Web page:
Written by Howard Fenton
Senior Technology Consultant
Ever since companies gained the ability to create web pages and engage in social media the thinking has been, “The more (you update) the better.” But that is not what the latest research shows. A recent study by emarketer.com on November 27, 2012, said that too many updates was the number 1 reason that followers ended a relationship with a company using social media.
According to the study:
• 33% said they discontinued following a company because of too many updates.
• 22% said that the brand’s value and or content was different from the original perception.
• 19% said that they didn’t see the value in remaining connected.
A report on mediabistro.com looked specifically at why people unfollowed companies on Twitter. This report was based on data from an Econsultancy survey, which found:
#1 – the worst offense was companies that were too noisy at 52%.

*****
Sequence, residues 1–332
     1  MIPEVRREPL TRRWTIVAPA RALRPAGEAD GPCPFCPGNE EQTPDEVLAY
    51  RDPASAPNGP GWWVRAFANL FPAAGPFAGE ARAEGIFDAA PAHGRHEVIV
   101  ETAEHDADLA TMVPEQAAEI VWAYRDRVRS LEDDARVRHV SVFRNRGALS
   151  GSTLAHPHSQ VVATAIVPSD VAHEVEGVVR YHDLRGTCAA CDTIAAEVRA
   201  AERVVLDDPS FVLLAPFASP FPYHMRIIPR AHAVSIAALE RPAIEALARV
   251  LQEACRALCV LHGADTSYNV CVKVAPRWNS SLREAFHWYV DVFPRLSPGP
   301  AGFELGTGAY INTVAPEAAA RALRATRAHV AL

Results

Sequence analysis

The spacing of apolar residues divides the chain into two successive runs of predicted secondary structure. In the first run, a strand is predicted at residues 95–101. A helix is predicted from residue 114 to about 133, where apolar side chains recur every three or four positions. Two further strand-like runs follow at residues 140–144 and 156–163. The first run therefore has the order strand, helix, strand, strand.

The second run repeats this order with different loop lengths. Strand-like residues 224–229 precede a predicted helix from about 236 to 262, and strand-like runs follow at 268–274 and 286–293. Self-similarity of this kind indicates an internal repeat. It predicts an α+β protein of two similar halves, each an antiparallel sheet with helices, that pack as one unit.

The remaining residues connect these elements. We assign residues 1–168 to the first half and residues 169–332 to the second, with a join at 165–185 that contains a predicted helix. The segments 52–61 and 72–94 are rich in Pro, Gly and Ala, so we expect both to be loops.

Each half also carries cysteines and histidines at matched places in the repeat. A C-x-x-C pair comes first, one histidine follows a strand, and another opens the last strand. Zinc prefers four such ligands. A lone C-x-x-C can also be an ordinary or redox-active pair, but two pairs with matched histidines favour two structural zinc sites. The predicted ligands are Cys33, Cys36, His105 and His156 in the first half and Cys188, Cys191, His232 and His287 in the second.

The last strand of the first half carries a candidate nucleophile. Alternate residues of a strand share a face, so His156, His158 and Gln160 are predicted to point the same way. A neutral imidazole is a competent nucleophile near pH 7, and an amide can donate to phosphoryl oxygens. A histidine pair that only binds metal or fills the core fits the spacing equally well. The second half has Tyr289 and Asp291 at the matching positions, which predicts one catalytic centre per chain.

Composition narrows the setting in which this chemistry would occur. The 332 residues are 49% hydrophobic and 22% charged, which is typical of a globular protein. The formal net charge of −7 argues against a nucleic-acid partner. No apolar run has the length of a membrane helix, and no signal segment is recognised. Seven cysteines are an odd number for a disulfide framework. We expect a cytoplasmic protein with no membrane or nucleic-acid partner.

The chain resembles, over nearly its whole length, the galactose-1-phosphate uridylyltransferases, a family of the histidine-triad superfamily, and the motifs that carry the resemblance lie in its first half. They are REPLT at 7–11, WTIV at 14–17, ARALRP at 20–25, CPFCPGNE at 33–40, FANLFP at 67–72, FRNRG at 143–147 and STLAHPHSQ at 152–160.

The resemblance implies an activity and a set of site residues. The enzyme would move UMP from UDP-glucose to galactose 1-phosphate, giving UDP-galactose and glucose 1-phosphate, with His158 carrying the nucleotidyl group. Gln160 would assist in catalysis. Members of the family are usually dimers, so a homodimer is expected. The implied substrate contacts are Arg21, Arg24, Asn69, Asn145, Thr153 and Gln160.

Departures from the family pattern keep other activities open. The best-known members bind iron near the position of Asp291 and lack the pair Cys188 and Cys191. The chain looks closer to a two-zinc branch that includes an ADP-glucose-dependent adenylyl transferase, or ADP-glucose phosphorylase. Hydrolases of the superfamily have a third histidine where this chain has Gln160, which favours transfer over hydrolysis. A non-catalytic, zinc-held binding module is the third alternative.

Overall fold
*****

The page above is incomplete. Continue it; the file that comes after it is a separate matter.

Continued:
#2 – the 2nd reason was too much shameless self-promotion at 48%.
#3 – too much spam at 47%.
#4 – not interesting enough at 43%.
#5 – too much repetition at 29%.
What are the take-home messages? To use a Goldilocks and the Three Bears analogy it sounds like you don’t want your porridge to be too hot or too cold but just right. In other words, you want your social media postings to:
1. Be frequent but not too frequent (2-3 times/week),
2. Be relevant and interesting but not too controversial,
3. Maintain a consistent voice about the value of the brand, regardless of who’s posting, and
4. Be subtle in self-promoting perhaps using successful case histories.
What’s your experience? Have you discovered why companies unfollow you?
If you enjoyed this post, you may also like:
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- Personalized Video: The Next Media in New Media
- QR Codes: More Than Just Shortcuts
Howard Fenton is a consultant and business advisor at NAPL. Howie advises commercial printers and in-plants on benchmarking performance against industry leaders, increasing productivity through workflow management, adding and integrating new digital services, and adding value through customer research.